Wilco | The Whole Love | Review

Article Contributed by Henry Hauser | Published on Monday, September 26, 2011

Throughout Wilco’s two decades on the scene, the vacillating brain chemistry of frontman Jeff Tweedy has unfailingly fueled the band’s highflying creative trajectory.  Backed by the always vicious electric guitar chops of studio legend Nels Cline, the Chicago band’s 8th studio LP The Whole Love -self-released on Wilco’s nascent dBpm Records- presents Tweedy at a critical juncture. 

After surviving the shadowy abyss of a chronic painkiller addiction on Sky Blue Sky, and emerging to bask euphorically in that glistening light at the end of tunnel on delightfully kitschy Wilco (The Album), Tweedy leaves behind the creative reservoir that informed and inspired his work for so many years.  Wilco’s latest is both ambitious and deeply personal. And in declining to cash in on the quarter-million-in-sales pop of Wilco (The Album), the veteran rockers are treading on financially soggy soil.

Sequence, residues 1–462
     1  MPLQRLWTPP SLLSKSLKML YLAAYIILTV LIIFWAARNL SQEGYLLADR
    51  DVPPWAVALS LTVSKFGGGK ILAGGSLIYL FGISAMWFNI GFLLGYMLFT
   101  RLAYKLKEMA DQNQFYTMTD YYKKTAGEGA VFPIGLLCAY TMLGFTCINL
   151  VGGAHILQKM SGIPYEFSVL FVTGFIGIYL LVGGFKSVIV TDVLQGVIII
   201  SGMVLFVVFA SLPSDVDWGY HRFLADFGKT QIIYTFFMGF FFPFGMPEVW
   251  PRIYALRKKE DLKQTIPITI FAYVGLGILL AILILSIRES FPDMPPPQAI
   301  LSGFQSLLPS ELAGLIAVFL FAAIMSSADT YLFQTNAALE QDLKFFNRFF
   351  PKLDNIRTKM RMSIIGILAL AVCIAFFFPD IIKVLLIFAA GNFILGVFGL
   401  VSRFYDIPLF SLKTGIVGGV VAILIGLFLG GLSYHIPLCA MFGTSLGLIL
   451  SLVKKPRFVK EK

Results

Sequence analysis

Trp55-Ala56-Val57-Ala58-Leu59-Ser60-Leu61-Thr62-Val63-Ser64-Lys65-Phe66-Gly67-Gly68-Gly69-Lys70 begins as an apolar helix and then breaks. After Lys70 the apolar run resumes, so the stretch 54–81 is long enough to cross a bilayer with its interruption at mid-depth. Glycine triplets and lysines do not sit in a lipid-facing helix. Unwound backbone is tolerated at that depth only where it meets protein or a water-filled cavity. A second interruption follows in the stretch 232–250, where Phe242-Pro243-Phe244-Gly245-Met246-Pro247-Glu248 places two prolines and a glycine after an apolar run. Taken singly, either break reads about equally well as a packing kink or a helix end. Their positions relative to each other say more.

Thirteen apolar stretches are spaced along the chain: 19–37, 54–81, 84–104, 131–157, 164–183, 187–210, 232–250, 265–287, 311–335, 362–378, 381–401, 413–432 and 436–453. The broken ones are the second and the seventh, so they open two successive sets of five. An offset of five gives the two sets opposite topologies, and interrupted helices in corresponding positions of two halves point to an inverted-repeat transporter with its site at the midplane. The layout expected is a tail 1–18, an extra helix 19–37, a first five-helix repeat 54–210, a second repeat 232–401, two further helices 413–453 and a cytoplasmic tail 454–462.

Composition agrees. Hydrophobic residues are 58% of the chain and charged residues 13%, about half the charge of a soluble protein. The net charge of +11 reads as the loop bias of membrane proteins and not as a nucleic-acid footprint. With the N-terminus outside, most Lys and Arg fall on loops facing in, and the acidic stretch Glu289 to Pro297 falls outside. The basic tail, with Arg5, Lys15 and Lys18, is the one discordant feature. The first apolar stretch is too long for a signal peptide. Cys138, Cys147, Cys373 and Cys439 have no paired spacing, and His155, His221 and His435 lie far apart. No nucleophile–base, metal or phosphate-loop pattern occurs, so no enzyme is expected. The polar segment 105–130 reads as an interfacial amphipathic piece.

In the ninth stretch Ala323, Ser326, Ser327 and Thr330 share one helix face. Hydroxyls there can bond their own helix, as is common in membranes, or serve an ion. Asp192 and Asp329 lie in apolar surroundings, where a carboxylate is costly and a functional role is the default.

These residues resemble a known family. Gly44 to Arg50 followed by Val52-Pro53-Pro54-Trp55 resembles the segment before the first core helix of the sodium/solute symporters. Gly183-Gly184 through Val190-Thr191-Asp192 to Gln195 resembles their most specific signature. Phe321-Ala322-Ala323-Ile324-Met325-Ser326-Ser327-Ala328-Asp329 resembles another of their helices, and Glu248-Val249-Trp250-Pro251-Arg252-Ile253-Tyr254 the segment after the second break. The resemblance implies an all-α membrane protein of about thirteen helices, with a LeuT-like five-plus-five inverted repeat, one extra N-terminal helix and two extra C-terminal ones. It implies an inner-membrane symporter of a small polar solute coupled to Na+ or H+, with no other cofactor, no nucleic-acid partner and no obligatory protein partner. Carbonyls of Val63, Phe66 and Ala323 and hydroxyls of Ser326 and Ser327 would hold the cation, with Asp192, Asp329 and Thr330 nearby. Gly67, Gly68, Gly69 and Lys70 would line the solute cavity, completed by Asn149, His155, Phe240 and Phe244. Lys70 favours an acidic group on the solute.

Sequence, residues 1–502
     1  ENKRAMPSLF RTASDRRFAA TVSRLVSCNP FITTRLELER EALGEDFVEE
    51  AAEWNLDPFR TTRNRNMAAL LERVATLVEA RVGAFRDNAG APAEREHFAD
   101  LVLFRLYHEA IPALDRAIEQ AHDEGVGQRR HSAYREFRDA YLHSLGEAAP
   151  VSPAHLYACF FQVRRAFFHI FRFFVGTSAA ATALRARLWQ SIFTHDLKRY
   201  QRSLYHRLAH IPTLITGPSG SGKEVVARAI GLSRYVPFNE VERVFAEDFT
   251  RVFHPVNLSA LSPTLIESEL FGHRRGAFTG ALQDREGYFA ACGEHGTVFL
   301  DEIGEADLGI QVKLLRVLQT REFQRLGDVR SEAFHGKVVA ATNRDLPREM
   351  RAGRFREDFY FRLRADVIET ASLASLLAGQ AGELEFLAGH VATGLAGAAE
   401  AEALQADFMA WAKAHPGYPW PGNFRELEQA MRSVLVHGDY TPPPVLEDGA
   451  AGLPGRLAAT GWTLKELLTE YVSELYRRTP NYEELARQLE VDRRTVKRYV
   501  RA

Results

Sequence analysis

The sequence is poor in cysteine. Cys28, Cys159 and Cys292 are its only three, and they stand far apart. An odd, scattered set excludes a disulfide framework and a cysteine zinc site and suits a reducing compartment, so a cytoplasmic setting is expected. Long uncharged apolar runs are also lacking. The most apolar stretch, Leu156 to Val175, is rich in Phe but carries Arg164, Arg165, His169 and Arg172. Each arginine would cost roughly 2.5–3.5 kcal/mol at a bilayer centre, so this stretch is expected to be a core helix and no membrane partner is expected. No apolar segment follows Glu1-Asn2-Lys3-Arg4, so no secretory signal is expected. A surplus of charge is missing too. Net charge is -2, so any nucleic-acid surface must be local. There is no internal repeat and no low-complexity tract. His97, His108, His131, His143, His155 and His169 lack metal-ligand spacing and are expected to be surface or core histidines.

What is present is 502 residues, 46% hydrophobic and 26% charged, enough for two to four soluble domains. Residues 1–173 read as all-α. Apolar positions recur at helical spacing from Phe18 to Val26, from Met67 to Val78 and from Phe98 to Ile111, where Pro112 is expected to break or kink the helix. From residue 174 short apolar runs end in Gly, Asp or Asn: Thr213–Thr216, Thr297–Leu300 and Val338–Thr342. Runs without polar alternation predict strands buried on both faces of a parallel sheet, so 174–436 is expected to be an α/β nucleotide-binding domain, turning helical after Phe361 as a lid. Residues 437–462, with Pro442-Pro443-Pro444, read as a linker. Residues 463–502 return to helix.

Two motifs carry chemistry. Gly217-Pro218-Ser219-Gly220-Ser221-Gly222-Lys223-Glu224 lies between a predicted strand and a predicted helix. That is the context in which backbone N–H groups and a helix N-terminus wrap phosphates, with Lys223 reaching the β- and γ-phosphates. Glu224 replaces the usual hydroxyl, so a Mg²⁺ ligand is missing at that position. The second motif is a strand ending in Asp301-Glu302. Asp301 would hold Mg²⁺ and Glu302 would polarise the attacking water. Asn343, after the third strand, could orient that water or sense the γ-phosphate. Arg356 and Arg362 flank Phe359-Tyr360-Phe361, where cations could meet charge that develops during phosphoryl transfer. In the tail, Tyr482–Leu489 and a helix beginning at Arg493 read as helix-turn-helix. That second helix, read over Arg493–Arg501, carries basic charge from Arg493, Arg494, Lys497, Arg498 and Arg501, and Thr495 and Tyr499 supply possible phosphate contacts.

Rock’s archives are flooded with albums detailing the physical and psychological pains of withdrawal, but few capture the appalling, gut wrenching horror of Lennon’s “Cold Turkey.”  Even more suspect are cuts where singers champion the miracle of survival, especially where Jesus makes too many cameos.  Having successfully converted his dependency on migraine medication into two stellar albums, Tweedy faces a critical question: now what? The Whole Love, oozing with fresh electronic beats, signature alt-country twang, and the maturity of an artist who’s been down the rabbit hole and back, has Wilco updating its sound and reaffirming its status as experimental rock trailblazers.